Muffled hearing doesnt always occur by itself. It can appear with other symptoms, too. Its important to describe all symptoms to a doctor to help identify the underlying cause.
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The Link Between Allergy And Menieres Disease
The study The Link between Allergy and Menieres Disease suggests there might be a link between allergies and MD.
This is suggested because there have been animal studies that prove allergic activity within the inner ear.
Further studies do need to be accomplished to actually prove the link between allergies and MD in humans.
Until then, MD is considered an idiopathic disease, meaning there is no known cause.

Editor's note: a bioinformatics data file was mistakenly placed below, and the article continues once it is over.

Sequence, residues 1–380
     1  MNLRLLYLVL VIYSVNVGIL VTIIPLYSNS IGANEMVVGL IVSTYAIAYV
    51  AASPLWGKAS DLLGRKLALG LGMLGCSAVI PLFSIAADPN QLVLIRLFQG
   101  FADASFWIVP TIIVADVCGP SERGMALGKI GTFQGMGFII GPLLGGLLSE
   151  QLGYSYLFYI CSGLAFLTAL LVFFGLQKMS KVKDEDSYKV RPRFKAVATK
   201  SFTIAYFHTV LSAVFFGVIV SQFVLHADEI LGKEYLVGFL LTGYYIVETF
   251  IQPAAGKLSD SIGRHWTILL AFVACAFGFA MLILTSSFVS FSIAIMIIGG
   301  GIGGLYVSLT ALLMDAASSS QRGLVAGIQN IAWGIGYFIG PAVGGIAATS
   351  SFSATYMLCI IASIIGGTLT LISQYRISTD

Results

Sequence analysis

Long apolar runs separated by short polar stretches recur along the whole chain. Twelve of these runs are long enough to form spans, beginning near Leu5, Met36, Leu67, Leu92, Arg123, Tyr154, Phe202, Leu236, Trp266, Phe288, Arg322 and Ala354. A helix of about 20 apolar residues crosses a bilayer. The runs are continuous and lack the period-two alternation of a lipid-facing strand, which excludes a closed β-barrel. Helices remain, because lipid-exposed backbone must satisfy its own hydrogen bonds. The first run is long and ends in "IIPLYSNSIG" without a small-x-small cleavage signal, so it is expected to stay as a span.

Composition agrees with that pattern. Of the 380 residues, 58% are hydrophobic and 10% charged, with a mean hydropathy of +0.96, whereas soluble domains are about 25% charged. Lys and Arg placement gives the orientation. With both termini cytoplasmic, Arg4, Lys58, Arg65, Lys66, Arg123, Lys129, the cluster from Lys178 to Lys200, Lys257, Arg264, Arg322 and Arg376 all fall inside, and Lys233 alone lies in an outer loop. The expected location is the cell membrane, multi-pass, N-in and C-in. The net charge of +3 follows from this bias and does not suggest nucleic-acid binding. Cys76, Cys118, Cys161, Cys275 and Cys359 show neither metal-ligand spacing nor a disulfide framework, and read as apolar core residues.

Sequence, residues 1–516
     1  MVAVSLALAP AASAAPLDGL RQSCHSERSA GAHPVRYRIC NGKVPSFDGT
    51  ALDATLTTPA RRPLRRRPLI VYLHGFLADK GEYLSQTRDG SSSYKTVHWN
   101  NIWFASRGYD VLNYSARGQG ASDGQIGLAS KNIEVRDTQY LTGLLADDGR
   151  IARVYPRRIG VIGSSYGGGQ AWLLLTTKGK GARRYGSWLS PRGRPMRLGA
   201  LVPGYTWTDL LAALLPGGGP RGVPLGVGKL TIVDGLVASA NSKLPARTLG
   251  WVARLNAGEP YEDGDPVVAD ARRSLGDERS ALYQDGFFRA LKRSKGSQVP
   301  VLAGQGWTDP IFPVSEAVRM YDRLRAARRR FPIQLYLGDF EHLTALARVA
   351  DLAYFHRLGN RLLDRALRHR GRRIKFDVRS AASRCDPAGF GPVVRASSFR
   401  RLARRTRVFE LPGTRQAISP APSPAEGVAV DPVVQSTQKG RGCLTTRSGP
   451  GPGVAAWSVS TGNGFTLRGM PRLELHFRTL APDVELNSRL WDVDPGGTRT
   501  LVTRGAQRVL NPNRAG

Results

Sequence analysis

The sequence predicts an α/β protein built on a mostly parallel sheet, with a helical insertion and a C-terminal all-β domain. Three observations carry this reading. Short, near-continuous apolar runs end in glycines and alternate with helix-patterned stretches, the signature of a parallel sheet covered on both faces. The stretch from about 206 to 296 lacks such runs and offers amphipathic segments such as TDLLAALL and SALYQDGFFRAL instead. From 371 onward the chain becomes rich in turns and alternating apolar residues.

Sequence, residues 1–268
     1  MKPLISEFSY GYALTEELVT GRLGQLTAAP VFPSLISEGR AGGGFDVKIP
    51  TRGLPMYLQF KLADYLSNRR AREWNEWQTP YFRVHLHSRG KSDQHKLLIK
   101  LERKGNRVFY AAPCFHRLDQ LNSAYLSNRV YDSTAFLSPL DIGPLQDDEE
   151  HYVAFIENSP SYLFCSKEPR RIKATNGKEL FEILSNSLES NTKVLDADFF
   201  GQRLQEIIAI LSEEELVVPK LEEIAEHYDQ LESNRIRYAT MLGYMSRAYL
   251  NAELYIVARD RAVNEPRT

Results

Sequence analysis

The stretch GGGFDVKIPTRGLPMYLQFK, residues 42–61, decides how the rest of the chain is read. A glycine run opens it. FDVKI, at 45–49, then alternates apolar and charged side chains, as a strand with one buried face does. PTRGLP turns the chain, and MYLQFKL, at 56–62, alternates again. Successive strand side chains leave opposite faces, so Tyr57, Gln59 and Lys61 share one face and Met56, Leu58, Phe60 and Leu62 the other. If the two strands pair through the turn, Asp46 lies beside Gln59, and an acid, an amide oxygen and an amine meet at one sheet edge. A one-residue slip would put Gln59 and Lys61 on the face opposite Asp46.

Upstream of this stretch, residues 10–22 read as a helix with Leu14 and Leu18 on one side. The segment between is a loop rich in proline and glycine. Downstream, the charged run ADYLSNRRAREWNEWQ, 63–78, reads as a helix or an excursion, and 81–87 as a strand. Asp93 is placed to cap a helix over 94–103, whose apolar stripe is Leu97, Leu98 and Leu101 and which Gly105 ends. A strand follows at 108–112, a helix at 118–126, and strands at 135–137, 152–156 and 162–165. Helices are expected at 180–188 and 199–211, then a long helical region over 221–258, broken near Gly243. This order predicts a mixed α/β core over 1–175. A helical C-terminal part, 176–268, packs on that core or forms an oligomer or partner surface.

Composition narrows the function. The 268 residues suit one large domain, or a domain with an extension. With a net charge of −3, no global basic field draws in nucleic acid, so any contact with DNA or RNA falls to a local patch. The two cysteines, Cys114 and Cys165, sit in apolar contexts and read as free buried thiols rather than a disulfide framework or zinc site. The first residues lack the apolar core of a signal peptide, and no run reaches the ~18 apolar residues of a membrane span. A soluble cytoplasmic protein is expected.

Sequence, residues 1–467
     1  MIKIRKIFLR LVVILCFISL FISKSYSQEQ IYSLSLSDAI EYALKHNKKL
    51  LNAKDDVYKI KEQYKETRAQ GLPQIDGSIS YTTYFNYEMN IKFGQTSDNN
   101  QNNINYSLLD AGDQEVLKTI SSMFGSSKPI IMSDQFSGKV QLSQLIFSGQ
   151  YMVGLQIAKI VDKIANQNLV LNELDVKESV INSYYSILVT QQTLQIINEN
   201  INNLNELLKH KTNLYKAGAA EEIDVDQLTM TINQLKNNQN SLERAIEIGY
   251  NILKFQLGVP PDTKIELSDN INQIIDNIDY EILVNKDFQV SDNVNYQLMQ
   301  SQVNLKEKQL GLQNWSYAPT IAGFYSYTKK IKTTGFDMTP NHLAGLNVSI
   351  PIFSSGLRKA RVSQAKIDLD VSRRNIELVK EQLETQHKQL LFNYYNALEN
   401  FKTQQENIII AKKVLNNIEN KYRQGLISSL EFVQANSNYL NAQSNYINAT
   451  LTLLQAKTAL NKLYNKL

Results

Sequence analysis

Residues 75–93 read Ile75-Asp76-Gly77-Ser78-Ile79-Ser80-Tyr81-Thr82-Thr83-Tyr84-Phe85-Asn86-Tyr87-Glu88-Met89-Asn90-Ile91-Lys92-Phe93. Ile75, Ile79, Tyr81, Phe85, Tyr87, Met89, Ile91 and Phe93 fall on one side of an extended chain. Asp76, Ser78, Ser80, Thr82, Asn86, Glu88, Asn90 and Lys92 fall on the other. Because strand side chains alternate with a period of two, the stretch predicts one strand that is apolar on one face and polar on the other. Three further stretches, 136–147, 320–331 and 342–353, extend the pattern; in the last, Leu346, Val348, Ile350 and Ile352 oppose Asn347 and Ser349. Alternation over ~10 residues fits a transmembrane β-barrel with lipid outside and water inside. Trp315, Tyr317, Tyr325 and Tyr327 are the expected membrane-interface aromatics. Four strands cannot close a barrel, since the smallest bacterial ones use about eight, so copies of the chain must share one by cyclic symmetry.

Science hasnt proved a direct link yet, but they do suggest that it might be a good idea to treat those with MD in a similar fashion as an allergy treatment .
Early Warning Signs Of Hearing Loss:
- Difficulty hearing other people clearly
- Misunderstanding conversations
- Asking people to repeat themselves
- Watching TV or listening to music at a higher volume than others
- Difficult to hear on the phone
- Finding it hard to keep up with a conversation
- Feeling tired or stressed from concentrating while listening
- Muffled hearing
- Ringing in the ears
Hearing loss in general is something that usually happens slowly over time when you are exposed to loud noise.
Hearing loss that is not noise-induced can be caused by allergies, head trauma, medications, trouble with the mechanics inside your ears, diseases, and many other conditions.